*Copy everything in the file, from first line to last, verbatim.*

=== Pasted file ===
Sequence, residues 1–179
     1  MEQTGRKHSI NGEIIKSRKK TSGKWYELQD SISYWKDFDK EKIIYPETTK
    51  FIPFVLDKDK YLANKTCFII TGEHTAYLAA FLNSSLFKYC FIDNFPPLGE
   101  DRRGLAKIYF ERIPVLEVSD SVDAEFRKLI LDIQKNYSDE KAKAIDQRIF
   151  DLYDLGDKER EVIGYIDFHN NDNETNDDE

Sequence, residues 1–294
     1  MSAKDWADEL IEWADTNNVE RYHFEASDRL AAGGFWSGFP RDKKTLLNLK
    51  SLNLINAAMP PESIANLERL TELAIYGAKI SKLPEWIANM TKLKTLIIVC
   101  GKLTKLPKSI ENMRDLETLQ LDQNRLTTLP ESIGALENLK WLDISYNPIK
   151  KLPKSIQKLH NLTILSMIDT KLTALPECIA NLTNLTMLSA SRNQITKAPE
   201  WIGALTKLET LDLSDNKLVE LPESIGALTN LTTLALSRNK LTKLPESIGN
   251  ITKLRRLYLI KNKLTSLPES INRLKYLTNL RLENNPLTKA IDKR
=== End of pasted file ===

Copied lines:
Sequence, residues 1–179
     1  MEQTGRKHSI NGEIIKSRKK TSGKWYELQD SISYWKDFDK EKIIYPETTK
    51  FIPFVLDKDK YLANKTCFII TGEHTAYLAA FLNSSLFKYC FIDNFPPLGE
   101  DRRGLAKIYF ERIPVLEVSD SVDAEFRKLI LDIQKNYSDE KAKAIDQRIF
   151  DLYDLGDKER EVIGYIDFHN NDNETNDDE

Sequence, residues 1–294
     1  MSAKDWADEL IEWADTNNVE RYHFEASDRL AAGGFWSGFP RDKKTLLNLK
    51  SLNLINAAMP PESIANLERL TELAIYGAKI SKLPEWIANM TKLKTLIIVC
   101  GKLTKLPKSI ENMRDLETLQ LDQNRLTTLP ESIGALENLK WLDISYNPIK
   151  KLPKSIQKLH NLTILSMIDT KLTALPECIA NLTNLTMLSA SRNQITKAPE
   201  WIGALTKLET LDLSDNKLVE LPESIGALTN LTTLALSRNK LTKLPESIGN
   251  ITKLRRLYLI KNKLTSLPES INRLKYLTNL RLENNPLTKA IDKR